The Assembly of the States of Jersey is one of the oldest legislatures in the English speaking world. The elected members of the States Assembly are Senators, Connétables and Deputies.
The position of Senator was created in 1948. Senators are elected on an Island-wide basis and represent the whole of the electorate.
Senators attend States sittings and have the same voting power in the States Assembly as Connétables and Deputies, with a single vote each. Like all elected States members, Senators can be appointed to Ministerial and Scrutiny roles, as well as being appointed to serve on States committees and panels. To date, the Chief Minister has always been elected from the Senatorial benches.
In addition to attending States sittings, Senators also carry out constituency work, helping Islanders and listening to any problems or ideas they may have.
Until 2011, 12 Senators were elected for a term of office of 6 years, with 6 Senators being elected every 3 years. The number of Senators has now been reduced to 10 and will be further reduced to 8 from October 2014. All 8 Senators will then be elected for the same term of office as Connétables and Deputies. In 2014, all States members will be elected for a term of three and a half years until May 2018.
Senators are elected on an Island-wide basis. Successful candidates in a senatorial election receive several thousand votes with the poll-topper in 2011 receiving 17,538 votes. Being elected as a Senator is nevertheless no guarantee of being appointed to a position of responsibility in the States and, once elected, each Senator has no greater influence in the States Assembly than any other member. The present Council of Ministers, for example, is comprised of 6 Senators and 5 Deputies.
Each of Jersey’s twelve Parishes is led by the Connétable. The Connétable has a dual role as both head of the Parish and member of the States of Jersey.
The Connétables are elected by the electors of the Parish. The Connétable presides over everything relating to the administration of the Parish. They chair meetings of the Parish Assembly where parishioners agree the rate of land and property tax and set budgets for the Honorary Police, the maintenance of the Parish by-roads and the refuse collection.
The Connétable is supported by two Procureurs du Bien Public, a team of elected Honorary Police Officers and other volunteers who are elected to serve on Parish committees. Each Parish has an administration office and staff. As well as supporting the Connétable, they issue driving licences, firearm certificates, dog licences, Sunday trading permits, and are responsible for the receipt of Parish rates. They also keep the electoral register as well as giving secretarial support to the honorary police. The Connétable is also asked to give a Parish response to licensing applications and planning applications.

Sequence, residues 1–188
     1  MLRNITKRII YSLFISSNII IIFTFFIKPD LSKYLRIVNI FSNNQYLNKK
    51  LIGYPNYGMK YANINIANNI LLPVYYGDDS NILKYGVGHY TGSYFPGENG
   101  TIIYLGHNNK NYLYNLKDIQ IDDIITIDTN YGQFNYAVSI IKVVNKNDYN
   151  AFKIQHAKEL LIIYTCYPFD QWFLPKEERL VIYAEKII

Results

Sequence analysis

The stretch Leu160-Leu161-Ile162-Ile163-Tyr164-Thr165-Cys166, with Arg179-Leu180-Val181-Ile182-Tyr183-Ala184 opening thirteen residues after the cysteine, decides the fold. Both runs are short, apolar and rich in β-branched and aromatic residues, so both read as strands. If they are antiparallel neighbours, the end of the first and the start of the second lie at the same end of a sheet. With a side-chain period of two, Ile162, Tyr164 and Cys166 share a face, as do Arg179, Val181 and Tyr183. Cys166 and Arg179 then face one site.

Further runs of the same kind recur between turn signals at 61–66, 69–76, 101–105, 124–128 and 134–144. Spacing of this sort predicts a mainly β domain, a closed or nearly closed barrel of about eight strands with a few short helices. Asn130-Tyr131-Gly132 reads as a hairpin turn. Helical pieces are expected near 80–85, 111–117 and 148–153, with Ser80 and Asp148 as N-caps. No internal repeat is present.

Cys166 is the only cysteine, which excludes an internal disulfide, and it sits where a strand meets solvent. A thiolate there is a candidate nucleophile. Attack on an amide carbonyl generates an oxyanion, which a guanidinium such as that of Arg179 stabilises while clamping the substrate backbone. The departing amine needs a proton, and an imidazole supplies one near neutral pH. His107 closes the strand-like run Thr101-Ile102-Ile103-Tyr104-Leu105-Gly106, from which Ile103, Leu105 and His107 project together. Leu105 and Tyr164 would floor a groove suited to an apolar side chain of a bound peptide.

The 12 Parish Connétables meet on two days per month as the Comité des Connétables. They consider anything that is likely to affect the workings of the States and the Parishes. They also invite Ministers to their meetings to discuss the possible impact of policy on the parishes.
Connétables attend sittings of the States Assembly as representatives of their Parish and they, like Deputies and Senators, each have a vote in the States Assembly. Like all elected States members, Connétables can be appointed to Ministerial and Scrutiny roles, as well as being appointed to serve on States committees and panels. The 12 Parish Connétables provide a direct link between the parishes and the States and traditionally Connétables have seen it as part of their role to represent the interestsof their parishioners as a whole on any topic coming before the States.
Once elected, Parish Connétables automatically have a seat in the States. Connétables have often taken on positions of significant responsibility in the States Assembly. In 2014, Connétables, like all States members, will be elected for a term of three and a half years until May 2018.
The office of Deputy has been in existence for over 100 years.
Deputies are elected in 17 districts that correspond to Parish boundaries. Larger Parishes, such as St. Helier and St. Brelade, are divided up into more than one district to make sure the population is adequately represented. In October 2014, all States members including Deputies, will be elected for a term of three and a half years until May 2018.
Deputies attend States sittings and have the same voting power in the States Assembly as Connétables and Senators, with a single vote each. Like all elected States members, Deputies can be appointed to Ministerial and Scrutiny roles, as well to serve on States committees and panels.
In addition to attending States sittings, Deputies also carry out constituency work, helping Islanders and listening to any problems or ideas they may have.
The 29 Deputies provide direct local representation. Many Deputies comment that they are often the first point of contact for constituents and Deputies are known to take up a significant number of issues on behalf of their parishioners. Deputies provide a link between Parishes/Districts and the States and are able to represent the interests of their constituents in matters that come before the Assembly whilst still being able to engage in wider issues affecting the whole Island.
The States of Jersey
The main responsibilities of the States of Jersey are to:
- pass laws and regulations
- approve annual estimates of public expenditure
- appoint a Council of Ministers to be responsible for public business
- appoint a Public Accounts Committee and scrutiny panels to hold the executive to account
- determine policy
- debate and decide issues of public importance
- consider petitions
- represent the people of Jersey